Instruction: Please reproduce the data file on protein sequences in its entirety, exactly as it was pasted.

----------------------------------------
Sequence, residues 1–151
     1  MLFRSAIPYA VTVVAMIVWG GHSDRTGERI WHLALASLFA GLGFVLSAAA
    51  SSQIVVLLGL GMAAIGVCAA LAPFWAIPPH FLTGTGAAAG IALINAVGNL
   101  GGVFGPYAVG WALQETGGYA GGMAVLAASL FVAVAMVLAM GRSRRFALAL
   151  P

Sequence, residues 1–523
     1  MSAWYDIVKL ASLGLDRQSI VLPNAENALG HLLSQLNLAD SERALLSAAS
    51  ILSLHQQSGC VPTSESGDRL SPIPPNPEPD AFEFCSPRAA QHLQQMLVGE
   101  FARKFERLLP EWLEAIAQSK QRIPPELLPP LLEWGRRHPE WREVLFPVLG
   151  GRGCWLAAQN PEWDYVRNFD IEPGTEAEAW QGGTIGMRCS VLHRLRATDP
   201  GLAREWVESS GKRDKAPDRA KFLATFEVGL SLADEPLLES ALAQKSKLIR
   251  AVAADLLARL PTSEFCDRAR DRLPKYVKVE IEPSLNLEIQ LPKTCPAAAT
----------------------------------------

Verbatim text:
Sequence, residues 1–151
     1  MLFRSAIPYA VTVVAMIVWG GHSDRTGERI WHLALASLFA GLGFVLSAAA
    51  SSQIVVLLGL GMAAIGVCAA LAPFWAIPPH FLTGTGAAAG IALINAVGNL
   101  GGVFGPYAVG WALQETGGYA GGMAVLAASL FVAVAMVLAM GRSRRFALAL
   151  P

Sequence, residues 1–523
     1  MSAWYDIVKL ASLGLDRQSI VLPNAENALG HLLSQLNLAD SERALLSAAS
    51  ILSLHQQSGC VPTSESGDRL SPIPPNPEPD AFEFCSPRAA QHLQQMLVGE
   101  FARKFERLLP EWLEAIAQSK QRIPPELLPP LLEWGRRHPE WREVLFPVLG
   151  GRGCWLAAQN PEWDYVRNFD IEPGTEAEAW QGGTIGMRCS VLHRLRATDP
   201  GLAREWVESS GKRDKAPDRA KFLATFEVGL SLADEPLLES ALAQKSKLIR
   251  AVAADLLARL PTSEFCDRAR DRLPKYVKVE IEPSLNLEIQ LPKTCPAAAT